Quick: How much do you deposit in your 401(k) each month? You probably don’t know, and that’s a good thing. In fact, the single best thing about your retirement account may be that it’s automatic: After you set it up, you forget about it, and you don’t miss the money that you’re putting away. Over time, that inertia really works in your favor. Whatever your financial goals, research shows that you have a far better chance of hitting them if you automate the savings process.
But now, as surely as a celebrity breakup is followed by naked pictures hitting the Internet, corporate America has figured out how to turn this dynamic from a savings enhancer to a wealth destroyer. If people tend to forget about automatic payments and never miss the money—cue maniacal villain laugh—then automatically deduct the money from their bank accounts every month forever! They’ll never even notice it’s missing.
Call it contract creep, the insidious growth of cash-sucking services you sign up for and never escape. It probably started with cable, or maybe a gym membership. Now it’s Netflix, and your cell phone provider, and Pandora, and mini-storage, and cloud storage, your car lease, and credit monitoring, and that trial thing you don’t use anymore but can’t cancel because you don’t know who to call. Every month, they transfer money out of your checking account and into their shareholders’ pockets.
“The fastest way to cut someone’s annual expenses by $5,000 is to cut back on these contracts,” says David Bach, the best-selling author of the FinishRich series of financial books. Bach, who has led people through “money makeovers” on Oprah and the Today show, urges people to look past the small monthly amounts.
“It’s what you’re paying over 12 months, 24 months, 36 months, a decade that counts.”
Consumer expert Clark Howard says that the younger the consumer, the more “monthlies” he’s likely to have. “You can rent books, music, video—it’s all you can eat for a flat monthly rate, and you don’t have to lug all this stuff,” he says. “It’s a more portable life.” The problem, he says, comes when you start piling up services you barely use. Not long ago, Howard and his wife realized they were paying a monthly fee for an online fax service, but they hadn’t received a single fax in years.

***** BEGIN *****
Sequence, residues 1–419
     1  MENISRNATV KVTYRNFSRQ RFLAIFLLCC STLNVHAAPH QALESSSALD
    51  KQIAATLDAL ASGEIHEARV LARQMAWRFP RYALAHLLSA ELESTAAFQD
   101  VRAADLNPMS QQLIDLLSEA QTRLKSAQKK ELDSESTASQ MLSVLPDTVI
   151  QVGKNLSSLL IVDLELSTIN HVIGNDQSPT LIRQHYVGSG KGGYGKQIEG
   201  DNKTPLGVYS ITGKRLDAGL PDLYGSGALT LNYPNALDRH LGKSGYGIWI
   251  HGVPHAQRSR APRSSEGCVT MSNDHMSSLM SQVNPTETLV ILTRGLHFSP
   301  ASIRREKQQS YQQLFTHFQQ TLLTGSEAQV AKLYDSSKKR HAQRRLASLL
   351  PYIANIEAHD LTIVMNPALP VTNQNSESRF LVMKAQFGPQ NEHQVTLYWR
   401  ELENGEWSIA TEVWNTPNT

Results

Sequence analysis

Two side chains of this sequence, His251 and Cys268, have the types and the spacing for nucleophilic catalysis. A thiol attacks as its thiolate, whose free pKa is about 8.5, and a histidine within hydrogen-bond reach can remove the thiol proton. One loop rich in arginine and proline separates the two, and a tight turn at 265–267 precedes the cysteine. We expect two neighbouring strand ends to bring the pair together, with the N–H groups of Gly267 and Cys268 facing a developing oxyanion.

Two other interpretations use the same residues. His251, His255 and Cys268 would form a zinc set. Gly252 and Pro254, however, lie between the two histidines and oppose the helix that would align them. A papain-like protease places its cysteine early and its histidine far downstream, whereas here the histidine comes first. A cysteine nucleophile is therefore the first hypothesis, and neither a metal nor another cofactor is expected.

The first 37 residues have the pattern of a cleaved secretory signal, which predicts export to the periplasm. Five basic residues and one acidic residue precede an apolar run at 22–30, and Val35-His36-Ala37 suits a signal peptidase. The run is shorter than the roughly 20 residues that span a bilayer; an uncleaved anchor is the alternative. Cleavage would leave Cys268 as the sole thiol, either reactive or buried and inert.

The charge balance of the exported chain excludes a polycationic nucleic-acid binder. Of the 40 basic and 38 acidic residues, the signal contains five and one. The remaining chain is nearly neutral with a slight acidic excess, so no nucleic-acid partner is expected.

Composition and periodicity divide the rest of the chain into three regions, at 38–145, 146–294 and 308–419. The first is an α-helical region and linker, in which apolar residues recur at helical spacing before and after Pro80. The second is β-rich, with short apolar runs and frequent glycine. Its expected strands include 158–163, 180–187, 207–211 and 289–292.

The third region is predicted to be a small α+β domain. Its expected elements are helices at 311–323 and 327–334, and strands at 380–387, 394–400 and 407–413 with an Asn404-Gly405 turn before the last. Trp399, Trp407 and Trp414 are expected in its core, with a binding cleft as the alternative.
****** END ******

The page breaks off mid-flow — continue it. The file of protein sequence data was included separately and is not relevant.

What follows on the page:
Bach says he’s starting to see a backlash against these fees as cell phone carriers such as T-mobile offer no-contract deals. But don’t hold your breath for your cable company to call and suggest you pay less. Take back control of your budget by staunching the cash bleed.
The great thing about getting rid of monthly payments is that the benefits keep on coming. Sure, you can save money by brown-bagging it, but that requires the discipline to make a sandwich every morning. Trim your cable bill, on the other hand, and you’re that much richer every month.
The first step in cutting back on contract creep is to set a financial goal. Just as it’s easier to drag yourself to the gym in the predawn hours if you picture your future shoulders, you’re more likely to make tough budget choices if you know that the savings add up to a down payment on a new car in two years.
Second, you have to be ruthless. Here’s how:
Obviously you can’t give up your phone, but there are many ways to reduce the cost. First, does your company issue you a device? If so, get rid of your personal phone. It’s fairly easy to “port” your number to your work phone. For e-mail, I use the iPhone’s mail app for business, and I added the Gmail app for personal e-mail. Yes, you have that one douchebag friend who sends attachments that don’t quite mesh with your corporate culture. You know who he is. Don’t open those e-mails on your phone. Life is a lot simpler when you carry only one device, and you could save more than $1,000 a year.
If you are the douchebag sending the NSFW attachments, this won’t work. So keep your second phone, but ask your service provider for your company’s corporate discount. How about that: I just saved you 20% and you don’t even deserve it.